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The Apple Smart TV Report: A Serious Problem the Media Ignores

There is a growing amount of speculation that a third generation Apple TV will make its debut during this week’s rollout of the next iPad. A key clue is the fact that stocks of Apple’s “hobby” set top box are drying up, at least at third-party resellers. You can still get them from Apple’s online storefront.

The revision is expected to add a more powerful chip (an A5, A5x or A6), which will allow for 1080p high definition video streaming, the same as Blu-ray. That also means, I suppose, that Apple will begin to offer better quality movies over time, perhaps at a slightly higher price. Compare to DirecTV and other services, which typically offer the higher resolution video-on-demand selections for $1.00 extra. I would expect the movie industry to approve a similar deal with Apple.

But the larger question is whether Apple is, as has been predicted for months, really working on their own answer to the “smart TV” question, as if anyone has really asked. That Steve Jobs has, according to biographer Walter Isaacson, found the secret doesn’t mean that that solution will appear in a TV set. It may just be an updated interface for Apple TV, along with more content offerings.

There’s are also published reports that Apple VP Eddy Cue has been busy negotiating agreements with the entertainment companies, so Apple will be able to offer a subscription service. This will mean that your favorite TV channels will appear as apps on an Apple device, and the content will be streamed to your home.

If you can believe those stories, the media companies are demanding proper respect, and the promise of a lot of money from Apple. In turn, Apple is doing their best to roll such deals into their existing structure, keeping the price to end users as low as possible. Now doubt there will be a compromise, eventually, particularly if the entertainment industry expects huge profits from such a service.

As to the presumed Apple TV set itself, you wonder whether Apple will break the mold of those anonymous thin block boxes that make one TV almost indistinguishable from the next. Some suggest a nearly end-to-end screen, with a very thin form factor. But such a set would still have to offer the same lineup of side or rear hookup possibilities as existing sets, including several HDMI ports, an optical sound port, and all the rest. No doubt there will be built-in Wi-Fi as well, since more and more sets offer that feature. So far, however, such a product doesn’t seem all that unique.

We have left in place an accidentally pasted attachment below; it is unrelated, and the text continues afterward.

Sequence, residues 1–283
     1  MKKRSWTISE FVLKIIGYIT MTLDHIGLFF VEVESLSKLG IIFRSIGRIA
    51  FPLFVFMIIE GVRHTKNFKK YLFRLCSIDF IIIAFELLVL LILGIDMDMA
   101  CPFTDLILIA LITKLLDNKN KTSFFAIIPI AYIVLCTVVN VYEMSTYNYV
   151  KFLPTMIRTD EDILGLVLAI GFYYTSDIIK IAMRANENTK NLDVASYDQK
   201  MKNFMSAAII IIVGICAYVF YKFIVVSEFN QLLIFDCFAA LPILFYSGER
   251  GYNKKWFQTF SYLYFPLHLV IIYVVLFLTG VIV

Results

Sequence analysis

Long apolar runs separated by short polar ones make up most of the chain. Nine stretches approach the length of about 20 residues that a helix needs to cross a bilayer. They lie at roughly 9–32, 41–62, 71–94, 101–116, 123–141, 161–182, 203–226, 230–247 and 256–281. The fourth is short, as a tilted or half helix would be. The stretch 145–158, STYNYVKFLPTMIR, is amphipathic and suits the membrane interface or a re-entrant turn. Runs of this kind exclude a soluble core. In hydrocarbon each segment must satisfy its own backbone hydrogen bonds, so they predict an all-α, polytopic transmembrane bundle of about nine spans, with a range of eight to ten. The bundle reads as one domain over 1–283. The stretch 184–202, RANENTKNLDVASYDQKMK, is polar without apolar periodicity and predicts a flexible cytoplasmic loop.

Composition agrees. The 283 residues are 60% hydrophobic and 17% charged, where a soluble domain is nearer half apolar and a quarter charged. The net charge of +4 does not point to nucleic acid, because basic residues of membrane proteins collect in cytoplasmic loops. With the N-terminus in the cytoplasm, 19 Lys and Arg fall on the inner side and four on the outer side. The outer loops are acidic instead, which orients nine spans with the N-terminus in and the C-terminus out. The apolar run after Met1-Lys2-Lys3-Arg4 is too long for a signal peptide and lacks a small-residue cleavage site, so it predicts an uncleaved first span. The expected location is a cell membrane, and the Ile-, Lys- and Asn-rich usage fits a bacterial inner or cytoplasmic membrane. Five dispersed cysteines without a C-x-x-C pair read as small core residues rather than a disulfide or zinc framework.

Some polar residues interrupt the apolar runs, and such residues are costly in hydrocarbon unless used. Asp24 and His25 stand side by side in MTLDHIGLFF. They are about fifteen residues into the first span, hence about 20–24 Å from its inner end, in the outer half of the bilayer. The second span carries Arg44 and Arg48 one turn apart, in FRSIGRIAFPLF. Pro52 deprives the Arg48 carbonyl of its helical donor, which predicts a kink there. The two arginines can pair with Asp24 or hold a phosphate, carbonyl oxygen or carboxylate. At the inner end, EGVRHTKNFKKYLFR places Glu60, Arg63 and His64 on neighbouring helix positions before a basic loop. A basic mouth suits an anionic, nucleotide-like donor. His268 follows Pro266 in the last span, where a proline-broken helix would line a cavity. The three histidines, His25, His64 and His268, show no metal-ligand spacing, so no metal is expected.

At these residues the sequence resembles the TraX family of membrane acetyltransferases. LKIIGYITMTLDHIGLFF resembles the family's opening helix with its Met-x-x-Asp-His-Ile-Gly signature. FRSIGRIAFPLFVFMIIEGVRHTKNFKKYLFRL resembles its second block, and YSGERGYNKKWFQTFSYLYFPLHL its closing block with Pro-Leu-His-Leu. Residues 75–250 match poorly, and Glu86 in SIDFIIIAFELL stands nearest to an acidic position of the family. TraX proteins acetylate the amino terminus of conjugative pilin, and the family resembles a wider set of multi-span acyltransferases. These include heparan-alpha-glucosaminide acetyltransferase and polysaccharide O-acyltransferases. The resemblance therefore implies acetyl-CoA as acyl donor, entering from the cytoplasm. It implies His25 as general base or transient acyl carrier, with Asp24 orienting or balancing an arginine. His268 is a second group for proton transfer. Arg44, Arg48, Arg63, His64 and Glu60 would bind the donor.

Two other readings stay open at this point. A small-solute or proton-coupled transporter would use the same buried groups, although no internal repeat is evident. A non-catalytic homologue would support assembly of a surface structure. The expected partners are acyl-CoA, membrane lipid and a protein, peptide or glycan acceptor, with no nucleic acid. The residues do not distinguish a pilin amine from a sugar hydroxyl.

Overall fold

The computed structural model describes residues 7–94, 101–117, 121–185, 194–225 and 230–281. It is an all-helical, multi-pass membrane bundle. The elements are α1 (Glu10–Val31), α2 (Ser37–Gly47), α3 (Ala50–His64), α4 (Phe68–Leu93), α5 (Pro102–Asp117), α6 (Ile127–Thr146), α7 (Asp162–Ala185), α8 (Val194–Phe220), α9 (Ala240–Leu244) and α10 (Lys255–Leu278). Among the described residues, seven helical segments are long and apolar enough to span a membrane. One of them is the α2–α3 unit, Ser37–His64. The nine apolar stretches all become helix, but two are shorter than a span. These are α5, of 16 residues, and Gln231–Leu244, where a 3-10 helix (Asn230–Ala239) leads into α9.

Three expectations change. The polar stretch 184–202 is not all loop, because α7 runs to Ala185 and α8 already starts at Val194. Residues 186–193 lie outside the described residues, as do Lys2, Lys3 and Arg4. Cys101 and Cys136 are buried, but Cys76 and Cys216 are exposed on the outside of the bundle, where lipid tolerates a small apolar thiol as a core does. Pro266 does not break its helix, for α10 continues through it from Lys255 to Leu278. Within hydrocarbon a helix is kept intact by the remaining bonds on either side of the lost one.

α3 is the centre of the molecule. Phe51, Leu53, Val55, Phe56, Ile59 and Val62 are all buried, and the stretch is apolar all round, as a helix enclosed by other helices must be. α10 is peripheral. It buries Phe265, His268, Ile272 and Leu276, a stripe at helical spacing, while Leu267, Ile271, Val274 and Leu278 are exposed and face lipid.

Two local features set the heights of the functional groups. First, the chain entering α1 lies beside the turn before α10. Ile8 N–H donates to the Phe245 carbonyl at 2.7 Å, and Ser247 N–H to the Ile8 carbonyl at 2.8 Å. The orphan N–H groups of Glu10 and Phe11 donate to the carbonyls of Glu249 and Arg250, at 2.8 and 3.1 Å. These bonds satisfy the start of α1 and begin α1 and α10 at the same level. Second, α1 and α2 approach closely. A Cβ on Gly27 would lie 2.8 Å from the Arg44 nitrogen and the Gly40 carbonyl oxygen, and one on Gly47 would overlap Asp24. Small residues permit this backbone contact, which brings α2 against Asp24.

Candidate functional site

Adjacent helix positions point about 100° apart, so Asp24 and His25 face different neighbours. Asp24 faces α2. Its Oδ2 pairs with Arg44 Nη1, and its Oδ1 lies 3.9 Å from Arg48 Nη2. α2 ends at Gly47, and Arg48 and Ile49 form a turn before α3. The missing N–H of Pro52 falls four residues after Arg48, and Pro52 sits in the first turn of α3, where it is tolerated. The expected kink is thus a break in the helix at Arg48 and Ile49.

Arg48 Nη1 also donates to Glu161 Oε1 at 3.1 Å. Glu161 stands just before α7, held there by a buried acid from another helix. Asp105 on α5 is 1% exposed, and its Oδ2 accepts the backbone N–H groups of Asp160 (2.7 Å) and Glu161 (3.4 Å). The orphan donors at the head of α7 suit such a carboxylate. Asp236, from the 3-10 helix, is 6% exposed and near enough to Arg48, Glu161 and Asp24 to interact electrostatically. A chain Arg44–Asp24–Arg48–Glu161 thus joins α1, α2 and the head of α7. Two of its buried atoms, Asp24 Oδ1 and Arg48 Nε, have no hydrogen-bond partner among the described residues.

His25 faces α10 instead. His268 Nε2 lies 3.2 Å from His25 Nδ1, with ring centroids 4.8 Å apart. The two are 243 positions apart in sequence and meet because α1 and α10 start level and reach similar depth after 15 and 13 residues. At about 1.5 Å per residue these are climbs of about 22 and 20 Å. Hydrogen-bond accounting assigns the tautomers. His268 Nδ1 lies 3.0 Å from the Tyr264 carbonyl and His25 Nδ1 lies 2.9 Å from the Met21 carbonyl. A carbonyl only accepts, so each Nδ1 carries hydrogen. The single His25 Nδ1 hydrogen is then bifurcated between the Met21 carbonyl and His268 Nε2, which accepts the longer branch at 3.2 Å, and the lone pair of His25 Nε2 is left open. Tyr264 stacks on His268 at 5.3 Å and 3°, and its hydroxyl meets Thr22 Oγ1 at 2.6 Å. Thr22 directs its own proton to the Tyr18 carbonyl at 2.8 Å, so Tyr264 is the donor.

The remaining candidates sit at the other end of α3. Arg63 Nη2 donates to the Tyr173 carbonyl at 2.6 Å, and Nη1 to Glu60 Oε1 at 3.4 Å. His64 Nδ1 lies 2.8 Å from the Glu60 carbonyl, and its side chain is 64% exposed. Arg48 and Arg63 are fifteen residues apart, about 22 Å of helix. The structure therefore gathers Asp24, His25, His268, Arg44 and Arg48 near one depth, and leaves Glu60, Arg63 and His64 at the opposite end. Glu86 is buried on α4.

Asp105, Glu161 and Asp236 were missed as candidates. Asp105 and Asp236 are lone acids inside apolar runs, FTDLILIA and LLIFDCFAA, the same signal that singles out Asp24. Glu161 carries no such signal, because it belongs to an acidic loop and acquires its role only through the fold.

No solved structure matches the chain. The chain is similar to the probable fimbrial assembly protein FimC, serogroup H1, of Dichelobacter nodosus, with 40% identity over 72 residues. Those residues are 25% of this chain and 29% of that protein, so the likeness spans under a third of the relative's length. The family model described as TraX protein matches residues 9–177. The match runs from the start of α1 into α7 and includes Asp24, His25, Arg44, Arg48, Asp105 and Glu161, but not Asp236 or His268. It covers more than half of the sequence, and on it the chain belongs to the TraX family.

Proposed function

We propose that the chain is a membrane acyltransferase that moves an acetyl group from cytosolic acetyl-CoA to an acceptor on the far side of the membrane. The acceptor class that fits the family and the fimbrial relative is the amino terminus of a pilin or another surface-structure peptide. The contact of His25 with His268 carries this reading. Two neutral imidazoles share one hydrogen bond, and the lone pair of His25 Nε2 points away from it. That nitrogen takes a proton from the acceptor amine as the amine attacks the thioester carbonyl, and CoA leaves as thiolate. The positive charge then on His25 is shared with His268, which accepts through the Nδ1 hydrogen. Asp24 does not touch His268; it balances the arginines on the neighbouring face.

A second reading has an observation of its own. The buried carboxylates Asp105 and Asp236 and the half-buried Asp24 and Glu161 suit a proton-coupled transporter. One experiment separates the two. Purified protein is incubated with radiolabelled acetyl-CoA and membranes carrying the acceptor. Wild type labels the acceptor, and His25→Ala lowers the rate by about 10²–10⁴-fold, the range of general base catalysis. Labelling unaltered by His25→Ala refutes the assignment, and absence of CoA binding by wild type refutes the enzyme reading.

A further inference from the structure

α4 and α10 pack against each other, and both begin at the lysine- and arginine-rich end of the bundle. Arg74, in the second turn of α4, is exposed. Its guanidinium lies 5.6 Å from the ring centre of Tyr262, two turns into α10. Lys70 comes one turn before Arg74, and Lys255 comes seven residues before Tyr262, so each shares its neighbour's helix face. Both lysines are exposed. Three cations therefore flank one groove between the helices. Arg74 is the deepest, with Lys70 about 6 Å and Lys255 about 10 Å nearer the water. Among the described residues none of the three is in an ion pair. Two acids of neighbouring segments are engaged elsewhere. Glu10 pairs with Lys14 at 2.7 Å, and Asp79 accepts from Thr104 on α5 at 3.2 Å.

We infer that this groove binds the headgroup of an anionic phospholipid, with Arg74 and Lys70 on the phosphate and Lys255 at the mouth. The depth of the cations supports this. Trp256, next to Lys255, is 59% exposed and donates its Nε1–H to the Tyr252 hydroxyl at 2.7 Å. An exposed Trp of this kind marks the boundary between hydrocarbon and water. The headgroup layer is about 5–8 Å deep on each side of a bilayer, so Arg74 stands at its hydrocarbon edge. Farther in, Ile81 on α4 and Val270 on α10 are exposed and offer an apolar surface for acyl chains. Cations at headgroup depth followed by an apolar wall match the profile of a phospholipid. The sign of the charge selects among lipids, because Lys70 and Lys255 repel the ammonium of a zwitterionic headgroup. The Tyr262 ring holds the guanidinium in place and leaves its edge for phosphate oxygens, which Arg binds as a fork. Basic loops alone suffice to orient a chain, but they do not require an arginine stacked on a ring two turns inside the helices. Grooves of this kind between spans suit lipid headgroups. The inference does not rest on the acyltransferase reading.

Another way to differentiate itself from the pack would be for Apple to deliver some sort of tricked out surround sound audio system, so you wouldn’t need a separate home theater configuration of separate speakers, or an ugly soundbar with a subwoofer. Bose has already tried this scheme, but the price of their VideoVision is just shy of five thousand dollars. This overpriced set may indeed offer, as The Wall Street Journal says, “…fully convincing surround sound,” but I don’t think there are many takers at that price. If Apple were to offer a similar approach, they wouldn’t get away with charging more than a few hundred dollars over existing sets. The market is too saturated.

But the biggest obstacle to such a product wouldn’t be the technology or the user interface. I’m sure Apple can do a great job with both. I also expect Apple to be able to make deals with the media companies.

Unfortunately, the news media is largely ignoring the biggest obstacle to such a product’s success, particularly a possible streaming TV subscription service. As smartphone customers, and more and more broadband Internet customers have come to realize, the biggest obstacle to 24/7 video streaming to your home is bandwidth.

Claims of unlimited bandwidth have been shown largely to be myths. Deep in the fine print of your ISP’s service agreement will probably be something that addresses excessive consumption. You may even see monthly limits of 200GB or 400GB; the latter represents the limits Cox Communications imposes on my account.

If you come close to their limits, your ISP may, as AT&T does with unlimited customers who use more than 3GB of bandwidth, throttle speed. You may have a package that’s more than sufficient for streaming HD video, but it won’t be sufficient if your ISP deems you’re using too much. If you continue to exceed their limits, they also reserve the right to cut off your service until the next billing period, or give you the heave ho. So much for unlimited streaming video all the time.

And remember that Apple isn’t the only tech company seeking to set up video streaming services.

You may think that a 2o0GB cap is more than sufficient for your needs. But imagine watching HD TV for six or eight hours a day, as many of you do. Imagine, further, that you have a large family, all of whom are spending untold hours a day consuming online content from Apple. The roadblocks will be reached very quickly with that level of use and abuse.

Now I suppose it’s always possible that Apple will seek special deals with ISPs to reimburse them for the excessive use of their pipes. That, of course, would raise the specter of Internet neutrality, and whether an ISP has the right to demand payments from both customer and content provider for unfettered access.

These issues are highly complicated. They need to be discussed, but most members of the media are falling down on the job by ignoring the question entirely.